Ytterby lies on the east part of Resarö in the municipality of Vaxholm, Stockholm county. Here, there is a mine that was active from the 1600s to the 1930s. The bedrock in which the mine lies is comprised of pegmatite.
In the1600s, Ytterby was mined for quartz. The quartz was transported by horse and wagon to the iron mills of northern Uppland and was used in iron production in Bergslagen. In the 1700s, quartz was also used at Stockholm's glassworks.
Around 1790, they began to break feldspar from Ytterby mine. Feldspar was used by porcelain factories for the production of English stoneware. The company Rörstrand acquired Ytterby mine around the year 1790.
In 1789, the artillery officer and amateur geologist, Carl Axel Arrhenius, was in Ytterby quarry. He found a strange black stone amongst all the white and light red ones. The stone was very heavy and resembled nothing he had seen before. He sent parts of the stone to different scientists to find out what it was.
Johan Gadolin, professor of chemistry at Åbo Akademi University, did a chemical analysis of the discovery. He concluded that up to 38% of the heavy, black stone from Ytterby was comprised of a previously unknown type of soil. The mineral was later given the name gadolinite. It is slightly radioactive. Further analysis was done and several previously unknown elements were discovered in the mineral from Ytterby. Four of them were named after the place of discovery, Ytterby: yttrium, terbium, erbium and ytterbium.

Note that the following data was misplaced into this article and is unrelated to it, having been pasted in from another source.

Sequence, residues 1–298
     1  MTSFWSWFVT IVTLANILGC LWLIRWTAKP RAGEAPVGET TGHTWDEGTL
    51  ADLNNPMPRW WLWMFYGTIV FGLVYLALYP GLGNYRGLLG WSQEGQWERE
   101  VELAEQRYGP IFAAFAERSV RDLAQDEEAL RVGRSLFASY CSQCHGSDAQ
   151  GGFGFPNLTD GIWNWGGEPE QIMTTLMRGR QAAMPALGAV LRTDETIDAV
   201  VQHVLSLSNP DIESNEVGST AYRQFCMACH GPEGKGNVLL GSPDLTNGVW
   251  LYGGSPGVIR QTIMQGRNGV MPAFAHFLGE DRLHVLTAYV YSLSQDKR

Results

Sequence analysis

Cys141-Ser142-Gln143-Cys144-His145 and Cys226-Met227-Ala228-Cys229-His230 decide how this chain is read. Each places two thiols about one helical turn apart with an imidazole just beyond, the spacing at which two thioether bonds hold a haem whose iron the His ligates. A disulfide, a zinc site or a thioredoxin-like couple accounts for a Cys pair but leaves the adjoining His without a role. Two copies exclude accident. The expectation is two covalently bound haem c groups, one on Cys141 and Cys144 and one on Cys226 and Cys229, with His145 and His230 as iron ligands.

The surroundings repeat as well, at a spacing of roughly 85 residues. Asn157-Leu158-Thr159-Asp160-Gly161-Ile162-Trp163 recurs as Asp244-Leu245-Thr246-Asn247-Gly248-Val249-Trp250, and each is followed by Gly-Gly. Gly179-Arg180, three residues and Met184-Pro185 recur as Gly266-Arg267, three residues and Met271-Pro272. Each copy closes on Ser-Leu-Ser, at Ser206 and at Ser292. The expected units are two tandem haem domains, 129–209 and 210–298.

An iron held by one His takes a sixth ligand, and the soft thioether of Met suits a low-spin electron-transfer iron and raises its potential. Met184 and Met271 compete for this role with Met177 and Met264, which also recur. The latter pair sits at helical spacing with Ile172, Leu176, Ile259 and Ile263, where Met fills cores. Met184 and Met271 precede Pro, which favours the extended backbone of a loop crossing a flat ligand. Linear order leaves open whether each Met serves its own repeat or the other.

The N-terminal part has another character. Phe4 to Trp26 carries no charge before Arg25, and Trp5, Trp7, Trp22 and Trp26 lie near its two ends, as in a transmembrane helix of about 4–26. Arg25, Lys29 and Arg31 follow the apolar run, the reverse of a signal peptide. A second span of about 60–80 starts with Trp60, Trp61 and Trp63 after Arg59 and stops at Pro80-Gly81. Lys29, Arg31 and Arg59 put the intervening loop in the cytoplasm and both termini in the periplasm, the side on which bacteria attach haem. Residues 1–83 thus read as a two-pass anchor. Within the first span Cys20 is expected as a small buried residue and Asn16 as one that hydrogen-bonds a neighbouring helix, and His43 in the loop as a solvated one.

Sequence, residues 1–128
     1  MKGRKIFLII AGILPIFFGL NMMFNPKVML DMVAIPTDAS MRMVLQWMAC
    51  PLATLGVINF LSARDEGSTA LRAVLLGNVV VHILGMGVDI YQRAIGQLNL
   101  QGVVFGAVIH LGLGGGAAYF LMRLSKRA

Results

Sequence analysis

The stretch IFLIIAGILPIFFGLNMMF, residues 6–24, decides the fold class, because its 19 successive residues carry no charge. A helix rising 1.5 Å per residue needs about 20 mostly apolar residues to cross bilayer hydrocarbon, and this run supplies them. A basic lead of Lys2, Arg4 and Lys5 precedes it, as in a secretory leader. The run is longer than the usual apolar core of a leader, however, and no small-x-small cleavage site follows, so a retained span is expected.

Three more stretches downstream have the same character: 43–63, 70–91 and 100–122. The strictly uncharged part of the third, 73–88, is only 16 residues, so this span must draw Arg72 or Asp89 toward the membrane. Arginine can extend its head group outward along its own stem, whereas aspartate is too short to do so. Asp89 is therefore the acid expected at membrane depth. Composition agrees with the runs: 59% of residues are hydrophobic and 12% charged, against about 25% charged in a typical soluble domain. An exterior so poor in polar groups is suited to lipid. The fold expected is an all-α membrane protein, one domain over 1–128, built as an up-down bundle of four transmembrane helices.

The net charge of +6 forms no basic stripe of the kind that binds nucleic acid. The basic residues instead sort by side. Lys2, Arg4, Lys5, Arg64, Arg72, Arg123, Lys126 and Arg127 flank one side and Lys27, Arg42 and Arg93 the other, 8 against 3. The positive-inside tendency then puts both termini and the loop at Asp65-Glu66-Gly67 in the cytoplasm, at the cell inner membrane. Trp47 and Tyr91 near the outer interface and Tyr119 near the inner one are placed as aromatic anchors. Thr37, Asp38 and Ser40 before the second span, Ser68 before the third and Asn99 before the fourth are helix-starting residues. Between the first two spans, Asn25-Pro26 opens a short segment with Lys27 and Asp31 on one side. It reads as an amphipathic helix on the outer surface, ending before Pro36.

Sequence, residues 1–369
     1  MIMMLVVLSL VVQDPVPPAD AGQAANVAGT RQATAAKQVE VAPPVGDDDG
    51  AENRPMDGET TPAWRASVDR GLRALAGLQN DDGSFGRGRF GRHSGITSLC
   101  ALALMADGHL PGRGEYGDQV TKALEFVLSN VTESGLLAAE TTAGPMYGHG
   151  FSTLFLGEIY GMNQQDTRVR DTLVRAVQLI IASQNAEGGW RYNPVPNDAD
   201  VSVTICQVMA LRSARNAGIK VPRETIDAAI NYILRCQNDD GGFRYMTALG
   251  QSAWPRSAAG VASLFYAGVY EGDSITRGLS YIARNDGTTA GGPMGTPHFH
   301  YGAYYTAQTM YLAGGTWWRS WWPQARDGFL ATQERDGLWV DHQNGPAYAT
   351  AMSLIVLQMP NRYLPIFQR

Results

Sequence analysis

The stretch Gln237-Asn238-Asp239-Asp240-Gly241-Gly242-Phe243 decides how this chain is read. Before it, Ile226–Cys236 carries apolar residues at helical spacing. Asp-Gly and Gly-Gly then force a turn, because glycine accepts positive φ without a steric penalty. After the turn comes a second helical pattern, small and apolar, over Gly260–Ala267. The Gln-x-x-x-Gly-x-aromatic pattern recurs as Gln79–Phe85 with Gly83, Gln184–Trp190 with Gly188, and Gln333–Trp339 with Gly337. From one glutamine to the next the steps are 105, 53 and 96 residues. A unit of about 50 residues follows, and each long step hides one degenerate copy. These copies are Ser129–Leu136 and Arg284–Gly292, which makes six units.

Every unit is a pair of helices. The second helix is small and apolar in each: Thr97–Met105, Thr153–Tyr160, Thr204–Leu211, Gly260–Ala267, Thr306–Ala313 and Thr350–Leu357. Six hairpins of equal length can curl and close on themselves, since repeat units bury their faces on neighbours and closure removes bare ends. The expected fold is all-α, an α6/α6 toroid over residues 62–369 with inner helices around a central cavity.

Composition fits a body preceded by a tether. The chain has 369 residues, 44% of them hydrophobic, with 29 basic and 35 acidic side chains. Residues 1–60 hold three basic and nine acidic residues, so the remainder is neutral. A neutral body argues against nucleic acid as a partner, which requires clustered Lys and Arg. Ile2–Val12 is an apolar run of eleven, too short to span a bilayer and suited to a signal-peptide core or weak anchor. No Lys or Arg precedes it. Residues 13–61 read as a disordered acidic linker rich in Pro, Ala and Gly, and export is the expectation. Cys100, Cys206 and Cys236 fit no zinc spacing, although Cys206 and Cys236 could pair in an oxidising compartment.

Ytterby mine was closed for good in 1933. The reason was the deposit's difficult access, and the expensive breaking price due to the mine's depth.
Ytterby mine is a natural monument, which means you may not take stones from there. The rock is radioactive.
The following elements were discovered in the gadolinite which was found in Ytterby quarry:
Tantal (Ta nr 73), Yttrium (Y nr 39), Terbium (Tb nr 65), Erbium (Er nr 68),Ytterbium (Yb nr 70), Holmium (Ho nr 67) and Thulium (Tm nr 69).